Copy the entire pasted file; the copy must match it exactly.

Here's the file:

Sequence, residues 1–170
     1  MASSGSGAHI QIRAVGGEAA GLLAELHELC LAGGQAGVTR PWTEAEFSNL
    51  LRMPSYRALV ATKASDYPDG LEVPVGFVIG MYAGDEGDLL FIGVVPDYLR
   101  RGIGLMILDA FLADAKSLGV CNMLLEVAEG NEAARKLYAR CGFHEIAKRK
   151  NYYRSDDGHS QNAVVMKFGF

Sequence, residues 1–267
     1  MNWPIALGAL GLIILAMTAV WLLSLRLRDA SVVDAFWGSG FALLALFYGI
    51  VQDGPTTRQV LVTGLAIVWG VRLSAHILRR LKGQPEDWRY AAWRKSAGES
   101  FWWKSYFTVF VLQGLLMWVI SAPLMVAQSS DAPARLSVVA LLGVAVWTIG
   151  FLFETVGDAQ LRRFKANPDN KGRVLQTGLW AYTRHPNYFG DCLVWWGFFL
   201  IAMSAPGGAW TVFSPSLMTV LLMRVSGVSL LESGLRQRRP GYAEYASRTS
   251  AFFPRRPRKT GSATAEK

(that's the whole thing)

Sequence, residues 1–170
     1  MASSGSGAHI QIRAVGGEAA GLLAELHELC LAGGQAGVTR PWTEAEFSNL
    51  LRMPSYRALV ATKASDYPDG LEVPVGFVIG MYAGDEGDLL FIGVVPDYLR
   101  RGIGLMILDA FLADAKSLGV CNMLLEVAEG NEAARKLYAR CGFHEIAKRK
   151  NYYRSDDGHS QNAVVMKFGF

Sequence, residues 1–267
     1  MNWPIALGAL GLIILAMTAV WLLSLRLRDA SVVDAFWGSG FALLALFYGI
    51  VQDGPTTRQV LVTGLAIVWG VRLSAHILRR LKGQPEDWRY AAWRKSAGES
   101  FWWKSYFTVF VLQGLLMWVI SAPLMVAQSS DAPARLSVVA LLGVAVWTIG
   151  FLFETVGDAQ LRRFKANPDN KGRVLQTGLW AYTRHPNYFG DCLVWWGFFL
   201  IAMSAPGGAW TVFSPSLMTV LLMRVSGVSL LESGLRQRRP GYAEYASRTS
   251  AFFPRRPRKT GSATAEK